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The original title was: Injecting vidir with vim like sequence of commands

I have been trying to use vidir to rename multiple files which are accidently renamed by someone. Problem is vidir doesnt use sorted order of files it sometimes picks randomly. The way my files are messed up i have to rename them using ls -rt

Problem: Files all randomly renamed. But i have a text file containing names of all files in ls -rt order. Wanted to use that text file read the names and rename files in folder using ls -rt order

ls -rt output

cbb308e52a3345e4ff436b2f
a4b8e2aacae0a3304b3c28b8
43ca3253da336012788d3279~
ada694316cc605c7ffb790d1
3b6cc01ff2aaa5b1709918ef
7057cbda90a7adf303a56bb4~
7c0dd50bc52bb444000cc175

Txt_with_Names_In_Order

e0e87002d27674ddafdb5f7077887da6-1.ps
c7685093e84da8074859efc5783687b6-2.ps
062936279f54f4f5a541b5bee4daf5d4-3.ps
6f91bb10840a4a5a5331c832e5c2beb1-4.ps
9a8c5e9ae8b633a2a588518d2b9ab656-5.ps
bcb77709b10eafbd2fc88ce8db41ed3f-6.ps
e65c35be3c8b0aa051fb33ed2ce43ff7-7.ps

Solutions:

Now,It can be done by loop but writing long loop command is not feasible, when vidir comes to handy very quickly.

My vim command sequence includes

^[ggVGg^A some regex
ls -rt | vidir -

Above works But it requires interactive working.

Wanted to inject sequence like

ls -rt | vidir - << EOF
commands
EOF

OR

vim file << EOF sequence EOF ------> it works
command | vim - << EOF sequence of vim commands to edit input ELF ----> Want a workaround for this

But input seems to be conflicting.

Can anyone help if workaround is possible.

[Not want to use expect] Can anyone help with:

how to use ^[ggVgg^A directly from command line in vim ex mode.?

What i am trying is to pipe output of some command to vim and also inject sequence of vim commands to act on that piped input non interactively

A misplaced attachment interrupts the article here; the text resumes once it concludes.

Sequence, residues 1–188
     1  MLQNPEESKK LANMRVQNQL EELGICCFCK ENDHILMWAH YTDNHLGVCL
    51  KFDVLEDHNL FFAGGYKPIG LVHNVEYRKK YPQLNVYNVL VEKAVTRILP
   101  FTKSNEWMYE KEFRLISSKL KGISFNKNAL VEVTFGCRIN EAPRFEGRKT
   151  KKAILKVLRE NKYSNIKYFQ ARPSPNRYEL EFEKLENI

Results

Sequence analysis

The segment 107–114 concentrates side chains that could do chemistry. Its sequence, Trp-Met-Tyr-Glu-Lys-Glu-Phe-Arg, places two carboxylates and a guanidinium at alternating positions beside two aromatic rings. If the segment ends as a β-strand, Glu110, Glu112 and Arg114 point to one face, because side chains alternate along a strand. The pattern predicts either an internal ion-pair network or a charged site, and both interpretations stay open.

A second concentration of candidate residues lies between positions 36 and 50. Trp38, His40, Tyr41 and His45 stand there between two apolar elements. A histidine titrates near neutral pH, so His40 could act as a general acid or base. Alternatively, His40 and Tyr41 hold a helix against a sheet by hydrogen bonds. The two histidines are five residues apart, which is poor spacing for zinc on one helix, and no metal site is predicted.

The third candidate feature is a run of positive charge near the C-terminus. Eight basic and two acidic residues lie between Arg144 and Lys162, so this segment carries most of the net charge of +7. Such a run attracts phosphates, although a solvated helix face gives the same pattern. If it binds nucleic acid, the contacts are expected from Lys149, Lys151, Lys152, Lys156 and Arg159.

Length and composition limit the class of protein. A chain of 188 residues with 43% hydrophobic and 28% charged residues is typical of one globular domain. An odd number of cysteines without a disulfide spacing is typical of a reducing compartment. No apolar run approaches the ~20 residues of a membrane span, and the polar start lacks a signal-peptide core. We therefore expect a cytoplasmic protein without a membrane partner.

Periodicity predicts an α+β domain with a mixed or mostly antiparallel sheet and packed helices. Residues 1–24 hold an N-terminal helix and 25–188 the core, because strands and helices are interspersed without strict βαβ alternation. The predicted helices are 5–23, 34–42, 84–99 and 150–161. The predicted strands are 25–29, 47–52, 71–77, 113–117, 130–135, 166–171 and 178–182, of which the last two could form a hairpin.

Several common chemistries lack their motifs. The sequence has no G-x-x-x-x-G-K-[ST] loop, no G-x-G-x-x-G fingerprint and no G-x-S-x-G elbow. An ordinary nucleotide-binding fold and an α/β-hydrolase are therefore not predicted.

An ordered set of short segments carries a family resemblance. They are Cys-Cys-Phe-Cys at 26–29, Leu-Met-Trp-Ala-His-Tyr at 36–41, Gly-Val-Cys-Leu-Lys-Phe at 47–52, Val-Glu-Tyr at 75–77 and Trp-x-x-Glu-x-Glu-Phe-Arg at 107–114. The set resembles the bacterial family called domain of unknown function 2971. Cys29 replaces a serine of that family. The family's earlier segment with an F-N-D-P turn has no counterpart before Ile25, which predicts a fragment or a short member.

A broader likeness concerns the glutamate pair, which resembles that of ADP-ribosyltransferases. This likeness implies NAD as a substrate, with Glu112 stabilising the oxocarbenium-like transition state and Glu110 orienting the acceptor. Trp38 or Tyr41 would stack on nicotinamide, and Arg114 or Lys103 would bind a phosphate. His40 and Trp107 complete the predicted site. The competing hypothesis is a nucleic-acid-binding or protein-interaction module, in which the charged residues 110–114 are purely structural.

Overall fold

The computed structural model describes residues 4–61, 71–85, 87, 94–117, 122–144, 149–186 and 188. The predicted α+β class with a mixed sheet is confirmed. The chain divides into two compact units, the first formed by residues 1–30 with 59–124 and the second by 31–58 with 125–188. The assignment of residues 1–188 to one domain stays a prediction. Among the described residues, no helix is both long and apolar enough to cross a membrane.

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  • 1
    Scripting vim is not ideal. Show what you are trying to achieve and we may come up with a more efficient and rubust solution.
    – they
    Jan 13 at 14:38

2 Answers 2

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Your request to find a solution based on vim or vidir is a typical XY problem.

As I understand your question, the real requirement is to rename the existing files in the current directory to the names in a text file which is in ls -rt order.

The following solution for bash assumes that both the current and saved file names don't contain spaces, newlines or other problematic characters, and that the text file contains one file name per line.

readarray -t new < /path/to/filenames.txt ; \
i=0 ; \
ls -rt1 | while read -r old
do
    echo mv "$old" "${new[$i]}"
    ((i++))
done

The script above will only show the commands that would be executed. If the output matches your requirements, remove the echo before mv and run the script again to actually rename the files.

1

This can be easily solved with shell commands (bash). First of all backup the folder.

Create a file containing the bad names in correct order: ls -tr > badnames.txt So these two files have the good and bad names with the correct order. Merge them together:

paste badnames.txt TXT_with_Names_In_Order > bothnames.txt

and finally type:

while read BADNAME GOODNAME
do
mv $BADNAME $GOODNAME
done < bothnames.txt

This chunk of code reads one line of your bothnames.txt file, and splits it in two variables. then it uses the mv command to rename your files.

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  • It may work with the names in question, but in general the solution is fragile at least because of what read does, possible spaces and such. Jan 13 at 20:26
  • The advantage of this approach is that you have a file with the old and new names per line, so you can decide if it looks correct prior to processing it.
    – Tim B
    Jan 14 at 2:23

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